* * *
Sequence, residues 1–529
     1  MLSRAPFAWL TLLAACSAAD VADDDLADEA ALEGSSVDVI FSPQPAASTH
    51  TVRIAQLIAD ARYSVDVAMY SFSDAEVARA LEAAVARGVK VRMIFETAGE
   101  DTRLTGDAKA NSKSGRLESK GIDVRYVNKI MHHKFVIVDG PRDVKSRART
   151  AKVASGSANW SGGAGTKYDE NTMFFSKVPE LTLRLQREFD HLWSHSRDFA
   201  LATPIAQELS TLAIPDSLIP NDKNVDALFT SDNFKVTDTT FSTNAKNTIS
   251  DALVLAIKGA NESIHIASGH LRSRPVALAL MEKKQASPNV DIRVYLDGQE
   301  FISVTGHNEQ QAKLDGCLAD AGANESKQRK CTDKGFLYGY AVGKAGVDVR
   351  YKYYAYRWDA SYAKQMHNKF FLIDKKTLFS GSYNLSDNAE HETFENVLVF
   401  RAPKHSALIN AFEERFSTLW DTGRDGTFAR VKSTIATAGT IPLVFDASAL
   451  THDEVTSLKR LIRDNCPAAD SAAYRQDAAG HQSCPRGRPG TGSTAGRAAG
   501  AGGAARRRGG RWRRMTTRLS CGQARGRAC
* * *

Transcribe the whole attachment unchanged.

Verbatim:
Sequence, residues 1–529
     1  MLSRAPFAWL TLLAACSAAD VADDDLADEA ALEGSSVDVI FSPQPAASTH
    51  TVRIAQLIAD ARYSVDVAMY SFSDAEVARA LEAAVARGVK VRMIFETAGE
   101  DTRLTGDAKA NSKSGRLESK GIDVRYVNKI MHHKFVIVDG PRDVKSRART
   151  AKVASGSANW SGGAGTKYDE NTMFFSKVPE LTLRLQREFD HLWSHSRDFA
   201  LATPIAQELS TLAIPDSLIP NDKNVDALFT SDNFKVTDTT FSTNAKNTIS
   251  DALVLAIKGA NESIHIASGH LRSRPVALAL MEKKQASPNV DIRVYLDGQE
   301  FISVTGHNEQ QAKLDGCLAD AGANESKQRK CTDKGFLYGY AVGKAGVDVR
   351  YKYYAYRWDA SYAKQMHNKF FLIDKKTLFS GSYNLSDNAE HETFENVLVF
   401  RAPKHSALIN AFEERFSTLW DTGRDGTFAR VKSTIATAGT IPLVFDASAL
   451  THDEVTSLKR LIRDNCPAAD SAAYRQDAAG HQSCPRGRPG TGSTAGRAAG
   501  AGGAARRRGG RWRRMTTRLS CGQARGRAC